Everyone from opposing defenses to autograph dealers to the NCAA have tried to tackle Texas A&M quarterback Johnny Manziel in various forms in the last year, and the Heisman Trophy-winning sophomore has been too slippery for all of them.
But is he too slippery for the IRS?
That's essentially the question raised by texastalk.com, which wondered aloud with an opinion column this week about what Manziel's tax return will look like next April. Or perhaps more to the point, what it looked like last April. If indeed Manziel accepted money for thousands of autographs, as was aggregately alleged in three ESPN reports, he has a tough decision to make come tax time, writes attorney David Gair:
"What should he do at tax time? Report the income or keep up his story that he never got anything? He is stuck between a rock and a hard place. If he fails to report his income on his return, then he has just committed a crime. Willfully filing a false tax return is a felony that can net you three to five years in jail depending on the charge. But reporting the income on the tax return could be an admission that he violated NCAA rules. Between the two, if I were him, I would chose not to violate federal law."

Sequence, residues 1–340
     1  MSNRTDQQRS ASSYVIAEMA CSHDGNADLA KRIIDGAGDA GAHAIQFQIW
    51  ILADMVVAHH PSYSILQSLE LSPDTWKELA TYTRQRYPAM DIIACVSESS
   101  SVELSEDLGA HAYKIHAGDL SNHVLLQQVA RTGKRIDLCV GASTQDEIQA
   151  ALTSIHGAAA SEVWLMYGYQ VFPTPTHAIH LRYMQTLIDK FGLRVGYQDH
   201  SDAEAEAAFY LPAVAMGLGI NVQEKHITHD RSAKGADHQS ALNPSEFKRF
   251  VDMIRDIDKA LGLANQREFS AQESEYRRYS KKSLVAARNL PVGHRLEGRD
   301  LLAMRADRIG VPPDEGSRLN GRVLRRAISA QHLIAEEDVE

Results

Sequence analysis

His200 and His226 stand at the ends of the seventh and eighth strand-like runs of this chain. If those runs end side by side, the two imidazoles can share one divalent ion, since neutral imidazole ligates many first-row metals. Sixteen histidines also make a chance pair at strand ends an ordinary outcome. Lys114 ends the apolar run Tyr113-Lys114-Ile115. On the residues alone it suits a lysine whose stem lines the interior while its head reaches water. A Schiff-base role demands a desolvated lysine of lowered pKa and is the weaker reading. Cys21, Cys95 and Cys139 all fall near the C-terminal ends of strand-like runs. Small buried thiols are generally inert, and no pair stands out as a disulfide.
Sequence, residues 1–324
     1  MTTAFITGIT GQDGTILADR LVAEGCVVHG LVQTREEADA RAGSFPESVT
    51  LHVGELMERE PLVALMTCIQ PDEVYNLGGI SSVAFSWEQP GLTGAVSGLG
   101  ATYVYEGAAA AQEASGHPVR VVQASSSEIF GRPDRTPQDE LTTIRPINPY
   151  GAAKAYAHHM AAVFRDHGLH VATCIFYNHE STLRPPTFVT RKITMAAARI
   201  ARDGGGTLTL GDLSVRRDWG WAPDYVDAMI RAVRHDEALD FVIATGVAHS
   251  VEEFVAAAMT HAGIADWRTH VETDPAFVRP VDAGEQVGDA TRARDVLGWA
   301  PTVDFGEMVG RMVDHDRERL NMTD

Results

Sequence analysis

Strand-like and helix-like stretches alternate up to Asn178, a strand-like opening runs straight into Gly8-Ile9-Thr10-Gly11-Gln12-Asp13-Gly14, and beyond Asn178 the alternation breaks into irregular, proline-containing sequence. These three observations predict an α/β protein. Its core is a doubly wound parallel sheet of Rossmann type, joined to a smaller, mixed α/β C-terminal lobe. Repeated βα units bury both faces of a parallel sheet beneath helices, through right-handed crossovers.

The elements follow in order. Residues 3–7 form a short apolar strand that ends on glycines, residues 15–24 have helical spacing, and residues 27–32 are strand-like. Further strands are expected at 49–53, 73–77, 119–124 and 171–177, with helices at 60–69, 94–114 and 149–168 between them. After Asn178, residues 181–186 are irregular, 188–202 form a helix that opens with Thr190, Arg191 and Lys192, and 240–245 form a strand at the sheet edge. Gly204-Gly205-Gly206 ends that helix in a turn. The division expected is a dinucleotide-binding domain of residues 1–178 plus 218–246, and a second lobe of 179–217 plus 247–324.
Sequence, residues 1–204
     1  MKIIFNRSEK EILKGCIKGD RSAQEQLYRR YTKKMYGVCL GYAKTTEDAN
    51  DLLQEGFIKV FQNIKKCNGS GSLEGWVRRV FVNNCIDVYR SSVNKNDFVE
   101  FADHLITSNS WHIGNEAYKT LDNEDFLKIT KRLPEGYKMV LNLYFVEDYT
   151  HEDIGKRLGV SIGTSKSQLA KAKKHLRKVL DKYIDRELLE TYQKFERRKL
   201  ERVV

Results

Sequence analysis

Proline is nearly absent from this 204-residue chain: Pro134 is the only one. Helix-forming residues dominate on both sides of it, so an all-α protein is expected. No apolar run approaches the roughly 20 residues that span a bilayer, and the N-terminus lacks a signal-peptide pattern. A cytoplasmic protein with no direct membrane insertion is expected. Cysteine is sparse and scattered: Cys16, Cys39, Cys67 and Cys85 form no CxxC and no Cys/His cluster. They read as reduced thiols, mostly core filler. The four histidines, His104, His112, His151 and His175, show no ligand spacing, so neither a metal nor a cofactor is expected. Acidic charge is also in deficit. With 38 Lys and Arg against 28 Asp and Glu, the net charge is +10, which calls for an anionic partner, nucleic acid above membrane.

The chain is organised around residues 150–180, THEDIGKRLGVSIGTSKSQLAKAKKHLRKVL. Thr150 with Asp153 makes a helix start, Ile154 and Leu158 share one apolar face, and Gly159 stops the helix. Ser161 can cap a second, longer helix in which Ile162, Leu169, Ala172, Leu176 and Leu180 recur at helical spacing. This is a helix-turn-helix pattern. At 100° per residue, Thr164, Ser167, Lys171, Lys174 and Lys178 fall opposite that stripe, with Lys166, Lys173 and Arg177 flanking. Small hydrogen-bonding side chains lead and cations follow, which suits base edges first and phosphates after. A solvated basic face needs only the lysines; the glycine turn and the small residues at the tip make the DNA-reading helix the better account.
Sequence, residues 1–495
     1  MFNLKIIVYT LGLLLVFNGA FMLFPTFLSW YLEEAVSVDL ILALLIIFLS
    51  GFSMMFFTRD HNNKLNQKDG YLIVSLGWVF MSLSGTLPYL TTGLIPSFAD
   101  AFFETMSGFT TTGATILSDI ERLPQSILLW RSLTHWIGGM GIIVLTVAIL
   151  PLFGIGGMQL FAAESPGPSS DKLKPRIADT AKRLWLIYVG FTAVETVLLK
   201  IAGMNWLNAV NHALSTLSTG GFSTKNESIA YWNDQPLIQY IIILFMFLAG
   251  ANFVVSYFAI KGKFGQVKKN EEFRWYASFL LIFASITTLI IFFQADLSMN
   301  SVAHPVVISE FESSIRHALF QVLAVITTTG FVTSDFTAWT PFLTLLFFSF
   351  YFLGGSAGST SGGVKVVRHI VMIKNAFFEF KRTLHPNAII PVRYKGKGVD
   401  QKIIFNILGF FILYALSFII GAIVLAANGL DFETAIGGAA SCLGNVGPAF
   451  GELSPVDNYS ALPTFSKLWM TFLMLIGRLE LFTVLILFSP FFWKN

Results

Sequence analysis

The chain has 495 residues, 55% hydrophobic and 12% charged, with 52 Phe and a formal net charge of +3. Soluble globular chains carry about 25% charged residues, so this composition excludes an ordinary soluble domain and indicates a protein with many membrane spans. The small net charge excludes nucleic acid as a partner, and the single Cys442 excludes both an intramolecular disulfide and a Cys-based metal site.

Gair suggests the IRS, as a means of deterrence, would find the possibility of a tax evasion case against Manziel to be very appealing. The bigger the star, the more people think twice about fudging their income statements with Uncle Sam. Baseball stars Pete Rose and Daryl Strawberry failed to report income from autograph signings and were convicted for it, Gair points out.
Would the IRS treat a 20-year-old college kid with a softer touch?
Would the IRS even be willing to dig into Manziel's dealings with autograph brokers knowing that cash transactions, common in the memorabilia industry, are a nightmare to trace to a legal certainty?
If Manziel pocketed thousands of undeclared dollars, he should hope so.